16 Nov 3 Real Estate Title Documents and What they Mean for your Investment
Investing in real estate, like any other investment asset class, requires knowledge, information and smart decision-making. With multiple documentation requirements and different verification exercises, successful investment in the sector demands more than the cost price of the property.
As the sector becomes more liberalized and awareness about the viability of investing in Real Estate grows, more people are looking into the industry, but with a very limited and sometimes confusing understanding of the dynamics of transaction.
Here are three of the most important documents in any Real Estate transaction and what they mean for your investment in the sector.
C of O
Arguably the most important piece of document in real estate, C of O enjoys widespread popularity in this part of the world and for good reason. It is a title issued by the Governor of a state to lease a piece of land to an individual for a tenure of 99 years (in line with the Land Use Act 1978 of Nigeria ). C of O is a document of ownership and whomever’s name is on the certificate is legally recognized as the owner or the initial recipient of such land.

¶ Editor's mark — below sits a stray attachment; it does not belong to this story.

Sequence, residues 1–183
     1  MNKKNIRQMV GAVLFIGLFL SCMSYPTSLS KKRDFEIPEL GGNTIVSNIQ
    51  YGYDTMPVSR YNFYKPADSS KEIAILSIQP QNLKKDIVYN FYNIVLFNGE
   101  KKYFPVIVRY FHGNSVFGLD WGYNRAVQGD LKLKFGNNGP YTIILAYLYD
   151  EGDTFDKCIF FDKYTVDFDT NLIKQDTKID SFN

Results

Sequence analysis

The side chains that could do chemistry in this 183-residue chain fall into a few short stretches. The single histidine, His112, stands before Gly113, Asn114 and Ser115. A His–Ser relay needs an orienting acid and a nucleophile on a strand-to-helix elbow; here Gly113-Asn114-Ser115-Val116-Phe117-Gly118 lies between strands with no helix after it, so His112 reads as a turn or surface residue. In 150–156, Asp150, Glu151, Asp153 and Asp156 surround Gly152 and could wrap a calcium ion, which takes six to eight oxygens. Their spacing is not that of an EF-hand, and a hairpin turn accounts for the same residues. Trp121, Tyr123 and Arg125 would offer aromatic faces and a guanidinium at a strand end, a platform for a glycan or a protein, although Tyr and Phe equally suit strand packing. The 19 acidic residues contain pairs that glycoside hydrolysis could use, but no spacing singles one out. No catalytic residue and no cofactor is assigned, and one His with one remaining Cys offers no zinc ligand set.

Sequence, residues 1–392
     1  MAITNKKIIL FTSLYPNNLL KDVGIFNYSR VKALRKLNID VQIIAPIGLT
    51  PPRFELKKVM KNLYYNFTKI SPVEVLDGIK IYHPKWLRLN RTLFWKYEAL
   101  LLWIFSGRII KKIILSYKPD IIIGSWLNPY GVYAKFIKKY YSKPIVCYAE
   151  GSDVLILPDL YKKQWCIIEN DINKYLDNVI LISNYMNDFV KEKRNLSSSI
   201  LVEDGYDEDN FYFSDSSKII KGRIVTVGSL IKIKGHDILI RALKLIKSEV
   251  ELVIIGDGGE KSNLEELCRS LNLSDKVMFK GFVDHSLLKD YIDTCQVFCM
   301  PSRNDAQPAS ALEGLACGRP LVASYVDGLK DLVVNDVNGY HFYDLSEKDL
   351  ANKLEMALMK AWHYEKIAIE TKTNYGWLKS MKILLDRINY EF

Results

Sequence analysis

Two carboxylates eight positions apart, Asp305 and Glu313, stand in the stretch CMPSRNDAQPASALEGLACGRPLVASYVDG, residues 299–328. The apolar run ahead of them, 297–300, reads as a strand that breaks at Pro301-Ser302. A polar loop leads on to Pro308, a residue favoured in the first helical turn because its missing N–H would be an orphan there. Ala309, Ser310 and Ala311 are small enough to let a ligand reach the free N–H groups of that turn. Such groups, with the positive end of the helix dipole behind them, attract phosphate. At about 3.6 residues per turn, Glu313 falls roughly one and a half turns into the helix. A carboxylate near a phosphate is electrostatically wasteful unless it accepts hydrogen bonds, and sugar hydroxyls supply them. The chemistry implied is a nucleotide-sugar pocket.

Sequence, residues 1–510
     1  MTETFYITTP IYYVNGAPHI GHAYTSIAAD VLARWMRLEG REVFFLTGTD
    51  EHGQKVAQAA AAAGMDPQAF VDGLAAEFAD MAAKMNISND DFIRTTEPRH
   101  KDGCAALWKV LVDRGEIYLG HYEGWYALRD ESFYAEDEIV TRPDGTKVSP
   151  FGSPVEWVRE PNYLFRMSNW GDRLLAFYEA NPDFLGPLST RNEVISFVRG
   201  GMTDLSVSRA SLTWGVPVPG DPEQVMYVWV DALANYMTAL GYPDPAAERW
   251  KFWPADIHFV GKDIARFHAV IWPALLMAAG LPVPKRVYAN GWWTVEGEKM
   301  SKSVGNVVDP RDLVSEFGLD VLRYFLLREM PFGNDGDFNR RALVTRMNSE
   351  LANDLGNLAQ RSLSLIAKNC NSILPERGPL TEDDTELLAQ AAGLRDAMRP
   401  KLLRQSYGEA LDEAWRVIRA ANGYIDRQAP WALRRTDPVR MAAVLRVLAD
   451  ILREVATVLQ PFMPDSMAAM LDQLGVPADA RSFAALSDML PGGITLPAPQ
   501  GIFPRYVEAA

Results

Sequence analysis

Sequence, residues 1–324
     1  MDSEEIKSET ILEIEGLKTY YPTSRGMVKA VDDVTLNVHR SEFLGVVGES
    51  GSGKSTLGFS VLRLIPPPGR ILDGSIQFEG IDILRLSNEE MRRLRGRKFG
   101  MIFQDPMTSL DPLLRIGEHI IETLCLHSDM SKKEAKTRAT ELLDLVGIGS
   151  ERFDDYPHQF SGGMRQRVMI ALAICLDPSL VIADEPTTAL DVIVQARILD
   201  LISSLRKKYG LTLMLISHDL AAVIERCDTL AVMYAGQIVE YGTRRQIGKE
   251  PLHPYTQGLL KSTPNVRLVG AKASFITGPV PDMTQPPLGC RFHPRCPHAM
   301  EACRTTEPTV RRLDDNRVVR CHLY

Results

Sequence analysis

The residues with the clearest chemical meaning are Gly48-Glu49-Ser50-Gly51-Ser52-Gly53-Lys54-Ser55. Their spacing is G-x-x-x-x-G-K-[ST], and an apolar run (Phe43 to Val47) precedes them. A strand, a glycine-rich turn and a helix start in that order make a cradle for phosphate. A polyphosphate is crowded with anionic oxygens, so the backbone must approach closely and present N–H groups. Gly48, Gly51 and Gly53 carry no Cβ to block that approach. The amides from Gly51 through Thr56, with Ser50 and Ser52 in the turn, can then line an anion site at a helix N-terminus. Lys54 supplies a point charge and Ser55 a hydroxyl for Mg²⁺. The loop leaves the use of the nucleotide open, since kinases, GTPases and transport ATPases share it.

Despite holding the title of land, the government wields the right to revoke same if it is deemed to override public interest. As entrenched in the Land Use Act, a land may meet these conditions for eight reasons including parting with the land or a part of the land (such as transfer) in a way that is in contravention of the law; if the land is required by either State or Federal Government; if the land is required for mining purposes, oil pipeline or for the extraction of building materials, to name but a few.
Also, there is a clear difference between a Certificate of Occupancy and Right of Occupancy. The latter is merely an offer to a parcel of land while the former is the official title. As you may have guessed, C of O is a stronger title than R of O, and it is, therefore, important that R of O holders perfect their titles into C of O.